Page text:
9. Publish Obamacare’s vital signs.
The Obama administration notoriously guarded and sidestepped bad news about Obamacare. The Trump administration should shine a light on both Obamacare and the Obama administration’s conduct.
Trump should direct HHS to publish and send letters to Obamacare enrollees with all information produced by or available to the federal government on: the number of consumers who lost their health plans in each year since Obamacare took effect; the dwindling number of choices available to exchange enrollees; the growth in health-insurance premiums; the erosion of coverage in exchange plans; the unlawful activities the Obama administration undertook, including illegal subsidies to private insurers, to prop up this failing system; the risks to which those illegal activities exposed Americans, including the risk that a court ruling could result in millions’ losing coverage; how the Obama administration took steps to protect private health-insurance companies, but not enrollees, from the consequences of its unlawful actions; the actual costs and enrollment in Obamacare’s Medicaid expansion, compared with projections; and other information pertinent to improving the public’s understanding of the law.
10. Release the documents.
The Obama administration shrouded its implementation of Obamacare in secrecy.
Trump should release all unpublished reports, cost estimates, evaluations, and legal memoranda regarding the ACA left by the Obama administration, including: any cost estimates on the affordability of health insurance and the number of uninsured before, during, and after the ACA; any materials bearing on the administrative decisions challenged in King v. Burwell and House v. Burwell; other unlawful activities mentioned above; the delay of the employer mandate; and the Obama administration’s decisions not to enforce parts of Obamacare, including various regulations.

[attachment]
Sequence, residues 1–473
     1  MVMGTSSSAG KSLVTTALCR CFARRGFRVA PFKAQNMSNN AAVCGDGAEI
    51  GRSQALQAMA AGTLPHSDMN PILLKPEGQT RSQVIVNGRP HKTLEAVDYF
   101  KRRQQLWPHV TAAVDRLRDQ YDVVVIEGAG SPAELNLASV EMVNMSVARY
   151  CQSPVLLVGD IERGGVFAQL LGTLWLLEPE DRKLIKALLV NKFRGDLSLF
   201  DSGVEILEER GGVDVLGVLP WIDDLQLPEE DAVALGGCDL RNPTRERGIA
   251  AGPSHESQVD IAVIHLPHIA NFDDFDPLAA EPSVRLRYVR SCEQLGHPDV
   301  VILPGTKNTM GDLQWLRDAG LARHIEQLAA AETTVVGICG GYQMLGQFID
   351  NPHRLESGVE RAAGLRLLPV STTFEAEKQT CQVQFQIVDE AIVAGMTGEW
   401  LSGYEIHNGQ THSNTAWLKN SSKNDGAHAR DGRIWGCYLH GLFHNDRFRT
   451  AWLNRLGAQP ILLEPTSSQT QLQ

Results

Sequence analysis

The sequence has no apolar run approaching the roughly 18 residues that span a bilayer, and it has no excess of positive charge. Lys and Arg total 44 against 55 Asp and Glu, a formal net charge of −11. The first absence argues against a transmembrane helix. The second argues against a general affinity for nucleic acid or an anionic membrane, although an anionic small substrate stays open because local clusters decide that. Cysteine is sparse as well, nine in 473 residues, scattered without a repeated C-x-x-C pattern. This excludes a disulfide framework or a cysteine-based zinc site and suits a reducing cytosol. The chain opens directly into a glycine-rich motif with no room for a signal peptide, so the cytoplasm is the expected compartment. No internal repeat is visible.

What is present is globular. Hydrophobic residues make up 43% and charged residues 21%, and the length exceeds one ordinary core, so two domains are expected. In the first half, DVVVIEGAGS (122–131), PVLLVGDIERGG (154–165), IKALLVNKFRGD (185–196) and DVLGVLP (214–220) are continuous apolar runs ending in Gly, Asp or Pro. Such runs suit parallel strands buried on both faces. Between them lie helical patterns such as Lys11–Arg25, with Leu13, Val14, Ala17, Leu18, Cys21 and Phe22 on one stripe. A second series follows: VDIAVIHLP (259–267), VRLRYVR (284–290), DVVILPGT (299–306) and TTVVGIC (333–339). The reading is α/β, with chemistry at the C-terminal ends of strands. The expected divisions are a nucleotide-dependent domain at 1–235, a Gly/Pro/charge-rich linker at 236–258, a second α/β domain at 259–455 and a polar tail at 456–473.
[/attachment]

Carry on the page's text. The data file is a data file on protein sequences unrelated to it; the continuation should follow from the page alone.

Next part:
11. Praise states that refused to implement Obamacare.
Two-thirds of the states refused to implement an Obamacare exchange. Nineteen refused to implement Obamacare’s Medicaid expansion. These states did the right thing under a withering assault from Big Insurance, Big Pharma, and other special interests that wanted the subsidies — legal and illegal — that the Obama administration had promised them.
Trump should praise the states that recognized Obamacare as an unworkable and temporary program and direct the Office of Management and Budget to quantify how much those states have saved taxpayers and reduced federal deficits to date, and project how much they will continue to do so over the next decade.
12. Direct states to prepare for Obamacare repeal.
When Congress repeals Obamacare, states will have to change their laws.
President Trump should send letters to governors and state legislatures informing them that they should start preparing conforming legislation for when they resume control of their insurance markets after Congress repeals Obamacare.
Trump should emphasize, as he did in his executive order, that states should create “a free and open market in interstate commerce for the offering of health-care services and health insurance.”
13. Renounce IPAB.
Obamacare’s Independent Payment Advisory Board is an unconstitutional super-legislature with the power to make laws — including the power to impose taxes — without political or judicial accountability.
Trump should affirm that his oath to uphold the U.S. Constitution forbids him to use the powers that Obamacare purports to invest in IPAB.
14. Let seniors opt out of Medicare without losing Social Security benefits.
The Social Security Administration, without any authorization from Congress, decreed that Medicare-eligible individuals must enroll in the program or forfeit all Social Security benefits, past and future. The rule antedates the Obama administration, though the administration defended it in court.
This rule lacks any legal authority. Trump should direct HHS and the Social Security Administration to rescind it, which would save taxpayers money by freeing more seniors to opt out of Medicare.
Trump administration officials have a lot of work ahead of them, but also a tremendous opportunity to make history. Returning the executive branch to its proper role under the Constitution will also spur Congress to enact reforms that make health care better, more affordable, and more secure.
— Michael F. Cannon is the director of health-policy studies at the libertarian Cato Institute.